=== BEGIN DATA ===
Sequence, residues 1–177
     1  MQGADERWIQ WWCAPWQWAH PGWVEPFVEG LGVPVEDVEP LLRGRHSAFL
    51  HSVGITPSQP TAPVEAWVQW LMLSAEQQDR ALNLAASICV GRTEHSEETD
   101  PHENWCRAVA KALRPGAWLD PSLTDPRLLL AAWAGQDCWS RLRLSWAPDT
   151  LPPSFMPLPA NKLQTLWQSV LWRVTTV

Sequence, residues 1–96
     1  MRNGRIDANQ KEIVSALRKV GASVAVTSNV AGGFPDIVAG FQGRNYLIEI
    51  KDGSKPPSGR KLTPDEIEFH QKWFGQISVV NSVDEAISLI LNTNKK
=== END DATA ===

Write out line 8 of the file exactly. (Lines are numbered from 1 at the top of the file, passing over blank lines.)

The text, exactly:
    51  KDGSKPPSGR KLTPDEIEFH QKWFGQISVV NSVDEAISLI LNTNKK